Nicky writes, Christine and Roger Kahane are special people to us, and to Chechu. They are a wonderfully elegant Parisian couple. Although Roger is English, he's lived in Paris too long not to savour life like it's an interesting claret.
Three times, Christine has fought and survived cancer. Now she lives life with an insatiable energy. She is an inspiration.
Cycling has been important to Christine most of her life. Her uncle was France’s number one TV news presenter for over 20 years, and reported on many major sports events, including cycling. Christine would accompany him to the cycle races in France. She understands cyclists. We've watched her with them. She's sincere and respectful and crucially, knows when to step back and let them get on with their job. Although Armstrong comes close, Chechu is her favourite.
Chechu's website is special because of Christine's exclusive photos and stories. And she has excellent contacts! This is a her story of getting to know her Chechu querido.
Seven years ago I was very ill, experiencing my third cancer recurrence, and undergoing exhausting chemotherapy treatment in a Paris hospital.
It was a hot July day and there was no air conditioning. To take my mind off the awful drip that felt like it was poisoning my whole body, I switched on the TV set. Suddenly nothing mattered any more. I couldn't take my eyes off those live pictures from Stage 10 of the Tour de France. The peloton was on the steep climb of l’Alpe d’Huez, an elegant mountain resort where I spent skiing holidays as a child.
On the screen, Lance Armstrong, a cancer survivor, was going through a bad patch and was hanging at the back of the pack, surrounded by team-mates. The French commentator said his chances of winning a third Tour de France were probably over, and there was a very stressful atmosphere in the peloton.
Suddenly, like an avenging angel, the man in blue started to fly towards the summit, overtaking all contenders one by one. He won the stage that day, the yellow jersey two days later, and ultimately another Tour.
The cyclist leading the charge of the US Postal blue train, which caught then dropped Jan Ullrich, was a rider called José Luis Rubiera. I remember noticing this handsome, elegant rider during that stage in July 2001, and wanting to know more about him.
My husband Roger, drawn by my enthusiasm, became a cycling fan and my accomplice. From that moment, my state of health improved, and we started to drive all around France to attend race departures and encourage the Posties.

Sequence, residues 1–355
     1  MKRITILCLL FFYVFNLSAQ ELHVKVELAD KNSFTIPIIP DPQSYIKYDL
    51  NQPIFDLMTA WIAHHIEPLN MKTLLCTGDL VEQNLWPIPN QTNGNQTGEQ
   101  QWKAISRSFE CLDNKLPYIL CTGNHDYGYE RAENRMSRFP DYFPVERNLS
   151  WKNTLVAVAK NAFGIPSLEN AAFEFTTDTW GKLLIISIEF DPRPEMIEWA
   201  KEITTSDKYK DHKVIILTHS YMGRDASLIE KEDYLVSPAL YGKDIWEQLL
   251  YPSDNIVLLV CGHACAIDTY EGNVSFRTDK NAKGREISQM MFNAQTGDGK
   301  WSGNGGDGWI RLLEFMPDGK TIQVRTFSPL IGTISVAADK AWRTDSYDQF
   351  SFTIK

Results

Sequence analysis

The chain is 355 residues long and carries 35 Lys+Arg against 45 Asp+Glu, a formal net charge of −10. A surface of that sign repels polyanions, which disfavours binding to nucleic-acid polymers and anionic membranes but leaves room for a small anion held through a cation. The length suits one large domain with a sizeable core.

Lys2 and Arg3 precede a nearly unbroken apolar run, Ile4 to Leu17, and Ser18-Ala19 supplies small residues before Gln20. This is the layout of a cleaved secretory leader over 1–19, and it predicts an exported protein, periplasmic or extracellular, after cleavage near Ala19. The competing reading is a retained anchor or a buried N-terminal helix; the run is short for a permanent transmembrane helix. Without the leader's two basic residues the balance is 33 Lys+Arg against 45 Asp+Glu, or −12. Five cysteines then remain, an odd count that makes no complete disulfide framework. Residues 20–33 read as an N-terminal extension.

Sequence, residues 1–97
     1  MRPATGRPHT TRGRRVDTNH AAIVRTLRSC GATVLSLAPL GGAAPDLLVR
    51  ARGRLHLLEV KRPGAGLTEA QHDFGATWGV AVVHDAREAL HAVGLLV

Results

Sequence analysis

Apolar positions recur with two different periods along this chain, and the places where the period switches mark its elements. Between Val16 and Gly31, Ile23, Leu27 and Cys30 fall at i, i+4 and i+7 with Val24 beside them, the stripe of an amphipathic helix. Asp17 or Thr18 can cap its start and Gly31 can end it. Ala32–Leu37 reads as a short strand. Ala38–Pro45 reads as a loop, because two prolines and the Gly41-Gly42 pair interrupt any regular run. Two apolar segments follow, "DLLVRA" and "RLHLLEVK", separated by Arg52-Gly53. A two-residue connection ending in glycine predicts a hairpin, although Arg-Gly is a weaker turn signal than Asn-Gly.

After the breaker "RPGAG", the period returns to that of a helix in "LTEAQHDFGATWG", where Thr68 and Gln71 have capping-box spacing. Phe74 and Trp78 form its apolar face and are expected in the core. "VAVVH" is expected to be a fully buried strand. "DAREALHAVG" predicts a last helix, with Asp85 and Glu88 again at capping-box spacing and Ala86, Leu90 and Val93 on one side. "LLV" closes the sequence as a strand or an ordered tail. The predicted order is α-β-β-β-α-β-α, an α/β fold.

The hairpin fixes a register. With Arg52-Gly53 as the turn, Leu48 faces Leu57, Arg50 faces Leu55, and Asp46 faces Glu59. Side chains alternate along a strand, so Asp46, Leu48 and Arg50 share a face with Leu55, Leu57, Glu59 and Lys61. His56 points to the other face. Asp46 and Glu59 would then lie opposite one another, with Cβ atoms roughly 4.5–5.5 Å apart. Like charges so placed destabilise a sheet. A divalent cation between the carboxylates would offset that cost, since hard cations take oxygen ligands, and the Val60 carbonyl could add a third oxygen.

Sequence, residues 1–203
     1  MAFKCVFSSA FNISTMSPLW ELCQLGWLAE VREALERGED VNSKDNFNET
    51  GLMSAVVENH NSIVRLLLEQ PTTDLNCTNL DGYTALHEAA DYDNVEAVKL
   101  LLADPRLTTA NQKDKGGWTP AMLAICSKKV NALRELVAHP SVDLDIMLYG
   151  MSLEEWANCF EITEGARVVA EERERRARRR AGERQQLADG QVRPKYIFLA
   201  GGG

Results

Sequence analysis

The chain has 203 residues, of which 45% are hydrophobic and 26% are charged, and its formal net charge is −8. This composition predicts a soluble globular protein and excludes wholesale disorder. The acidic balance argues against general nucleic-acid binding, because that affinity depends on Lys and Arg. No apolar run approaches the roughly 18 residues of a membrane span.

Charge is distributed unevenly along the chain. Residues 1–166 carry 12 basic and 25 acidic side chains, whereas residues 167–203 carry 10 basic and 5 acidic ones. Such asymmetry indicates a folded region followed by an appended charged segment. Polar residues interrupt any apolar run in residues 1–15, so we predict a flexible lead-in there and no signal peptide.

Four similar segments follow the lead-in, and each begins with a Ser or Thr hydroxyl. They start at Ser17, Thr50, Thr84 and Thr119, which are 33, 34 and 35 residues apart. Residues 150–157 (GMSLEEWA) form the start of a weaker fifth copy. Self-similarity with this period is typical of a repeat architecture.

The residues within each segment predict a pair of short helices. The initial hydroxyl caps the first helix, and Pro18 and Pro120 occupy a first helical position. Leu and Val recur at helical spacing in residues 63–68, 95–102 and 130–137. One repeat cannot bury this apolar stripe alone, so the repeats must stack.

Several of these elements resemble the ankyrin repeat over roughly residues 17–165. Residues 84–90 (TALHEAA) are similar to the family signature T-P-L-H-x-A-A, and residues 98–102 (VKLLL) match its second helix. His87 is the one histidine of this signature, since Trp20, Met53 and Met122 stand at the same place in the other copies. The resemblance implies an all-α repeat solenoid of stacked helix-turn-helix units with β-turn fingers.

Year after year, we got to know Chechu and he got used to our presence. We would regularly travel to the start of Paris-Nice, the Critérium du Dauphiné Libéré, stages of the Tour de France, and Paris-Tours, and would meet Chechu several times a year.
But until the creation of the website, we maintained an athlete-fan relationship.
I am normally a rather shy person and reserved. The website changed everything, helping me to overcome my timidity. It gave me a goal and a reason to approach Chechu, and an opportunity to converse with him in Spanish.
In May 2006, when Roger and I travelled to Seraing in Belgium to attend the departure of the Giro d'Italia, Chechu and I became friends. We even stayed in the same hotel as the Discovery team.
We met in the hotel car park on the eve of the prologue, Chechu was leaving for his training ride. When I explained to him (in my best Spanish) that I was working for his fans’ new English-language website, he stopped and chatted to me in a friendly manner, and let me take as many photographs as I wanted.
The following morning, we met at the breakfast table and we swapped e-mail addresses. Something happened there that gave my life a new outlook.
Since that breakfast in Belgium, we have exchanged many e-mails. We've visited Asturias, met Laura and his parents, Loli and Pepe. Even Boris and Lola, his dog and cat.
We have travelled to almost every race in France, Spain or Belgium to support Chechu Rubiera. To this day, Chechu’s charisma has never stopped attracting us.
Chechu is a special person and it's impossible not to surrender to his charm and elegance. He has film star looks. He is intelligent, kind and generous, modest and easy-going. We love his sense of humour and beautifully civilised manners. We've never heard him speak ill of anyone.
Above all, Chechu is a good man. We’ll miss his presence in the peloton when he retires.
Buena suerte, Campeón, nunca te olvidaremos!